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RFID Helps Kids Take Dora the Explorer on Road Trips

Nick on the Go is an optional service from Hertz that allows customers to rent media players pre-loaded with more than 40 hours of Nickelodeon programming. An active RFID system automatically tracks asset movements to help ensure there are enough units on hand at each Hertz location.
Mar 10, 2008This article was originally published by RFID Update.

March 10, 2008—RFID is making it easy for parents planning family trips to make room in the car for Sponge Bob, Dora the Explorer, Jimmy Neutron, and the entire Rugrats ensemble. Hertz rental car customers can get these and other television shows from the Nickelodeon and Nick Jr. networks pre-loaded on a portable media player that can be rented with the vehicle. The program, called Nick on the Go, started last December and is currently available at 43 US airports, where RFID readers automatically keep track of media players that are distributed and returned.

"The system allows us to see the entire US on a graphic. It is reading in real-time what inventory is on hand at all 43 airports," Josh Wallack told RFID Update. Wallack is president and CEO of Miami-based CR Media, which owns and manages the portable players and is responsible for making sure there is adequate inventory at all participating Hertz locations. "It's tracking our 'warehouse,' but our warehouse is the whole country."

The program launched last December at 21 airports and was expanded to 22 more by mid-February.

"CR Media's role in the partnership is to be the logistics coordinator. We couldn't do it nearly as well as we do without the RFID system and really embracing RFID," Wallack said.

The portable players are pre-loaded with more than 40 hours of Nick programming and cost CR Media about $700 apiece to have manufactured. CR Media identifies each player with an active RFID tag from RF Code that is programmed with a unique serial number, the manufacturer's serial number, and other data so players can be tracked a variety of ways. RF Code readers at the airport -- players are only tracked at the Hertz facility, not after they leave -- feed data to TransitionWorks software from NCR, which provides real-time inventory visibility plus a variety of reports and alerts. CR Media typically uses the data to view available inventory at each airport and shift players as needed to meet expected demand.

"The reason we needed the system is we don't have access to Hertz systems. We would totally be flying blind without RFID," said Wallack. "We're a small company. The RFID system allows us to have our eyes and ears on our inventory 24/7."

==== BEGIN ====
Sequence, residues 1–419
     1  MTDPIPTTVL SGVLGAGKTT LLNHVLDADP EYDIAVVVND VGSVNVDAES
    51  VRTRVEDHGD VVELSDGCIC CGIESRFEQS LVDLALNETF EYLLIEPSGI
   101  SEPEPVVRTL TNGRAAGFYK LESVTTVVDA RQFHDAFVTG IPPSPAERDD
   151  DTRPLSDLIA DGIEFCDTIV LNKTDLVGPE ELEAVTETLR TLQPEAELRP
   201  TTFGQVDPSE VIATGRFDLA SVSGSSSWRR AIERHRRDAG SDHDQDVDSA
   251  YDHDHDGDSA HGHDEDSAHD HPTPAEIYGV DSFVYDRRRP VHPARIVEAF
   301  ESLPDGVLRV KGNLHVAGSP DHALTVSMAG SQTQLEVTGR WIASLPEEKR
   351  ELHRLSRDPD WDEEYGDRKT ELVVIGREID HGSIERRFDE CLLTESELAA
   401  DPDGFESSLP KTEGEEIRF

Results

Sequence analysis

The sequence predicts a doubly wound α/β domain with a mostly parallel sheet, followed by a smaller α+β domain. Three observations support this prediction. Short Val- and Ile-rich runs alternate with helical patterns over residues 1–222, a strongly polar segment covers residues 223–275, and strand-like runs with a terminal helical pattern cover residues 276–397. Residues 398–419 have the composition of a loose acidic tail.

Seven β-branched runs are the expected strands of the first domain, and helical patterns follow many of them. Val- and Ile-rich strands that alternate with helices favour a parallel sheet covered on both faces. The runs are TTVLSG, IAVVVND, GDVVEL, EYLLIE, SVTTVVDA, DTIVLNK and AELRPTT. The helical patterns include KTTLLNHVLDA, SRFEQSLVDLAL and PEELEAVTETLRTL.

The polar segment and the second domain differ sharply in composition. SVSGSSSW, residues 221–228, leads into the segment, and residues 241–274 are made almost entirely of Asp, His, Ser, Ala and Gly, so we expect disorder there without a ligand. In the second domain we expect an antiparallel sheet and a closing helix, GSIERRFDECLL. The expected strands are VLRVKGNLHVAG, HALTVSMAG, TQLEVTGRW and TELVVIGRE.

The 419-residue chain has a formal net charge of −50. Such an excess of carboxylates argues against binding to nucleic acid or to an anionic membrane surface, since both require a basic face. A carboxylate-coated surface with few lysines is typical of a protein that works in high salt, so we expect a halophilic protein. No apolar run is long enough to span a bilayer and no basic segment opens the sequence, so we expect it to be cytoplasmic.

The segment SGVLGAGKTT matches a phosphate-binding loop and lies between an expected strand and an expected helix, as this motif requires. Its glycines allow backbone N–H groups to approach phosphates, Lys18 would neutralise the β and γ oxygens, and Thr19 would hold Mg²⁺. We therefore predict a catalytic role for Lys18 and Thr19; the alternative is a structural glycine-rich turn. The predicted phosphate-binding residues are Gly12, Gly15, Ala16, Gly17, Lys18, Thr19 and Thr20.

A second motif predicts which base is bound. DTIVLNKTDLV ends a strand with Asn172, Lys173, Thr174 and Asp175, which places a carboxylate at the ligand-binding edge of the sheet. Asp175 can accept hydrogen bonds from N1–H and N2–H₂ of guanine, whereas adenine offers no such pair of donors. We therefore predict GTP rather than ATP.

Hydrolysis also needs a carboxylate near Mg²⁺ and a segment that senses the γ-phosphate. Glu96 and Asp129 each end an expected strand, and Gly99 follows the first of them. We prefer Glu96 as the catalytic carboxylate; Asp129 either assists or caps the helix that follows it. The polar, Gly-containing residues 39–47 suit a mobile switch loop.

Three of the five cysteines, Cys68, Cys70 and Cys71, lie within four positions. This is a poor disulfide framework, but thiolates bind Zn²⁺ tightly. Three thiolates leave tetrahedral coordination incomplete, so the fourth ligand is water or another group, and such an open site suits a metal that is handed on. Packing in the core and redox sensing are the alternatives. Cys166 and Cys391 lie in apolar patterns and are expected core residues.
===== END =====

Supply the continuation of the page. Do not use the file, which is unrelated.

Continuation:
The unattended system also provides some security by issuing text or e-mail alerts if suspicious usage patterns are detected. For example, if the reader detected five of the Nick on the Go players were being removed simultaneously from a single location in the middle of the night, it would send an alert summarizing the activity to CR Media, who could then contact Hertz to investigate.

"Once during a routine inventory check the system determined that a player was missing. We determined it had checked out of the storage room at 2:12 p.m. Hertz immediately checked its security tape," said Wallack. "It turned out that a manager had taken a unit into his office for training. That's not a problem, but it shows what the system can do."

Another anecdote shows a different way the system provides value. A customer in Detroit parked outside the Hertz office and returned all the player accessories and carrying case, but there was no player inside. The customer didn't know what had happened and pleaded with Hertz not to be charged a replacement fee. Hertz called CR Media for guidance on how to handle the situation. CR Media checked its inventory system, which showed the player was right there at the Hertz facility. A Hertz representative and the customer then rechecked the vehicle, and found the player lodged under the driver's seat.

"We saw it from headquarters in Miami when they couldn't see it standing right there in Detroit," said Wallack. "Things that are portable tend to get lost. That's what the RFID industry is all about -- helping find things that get lost."

See NCR's announcement
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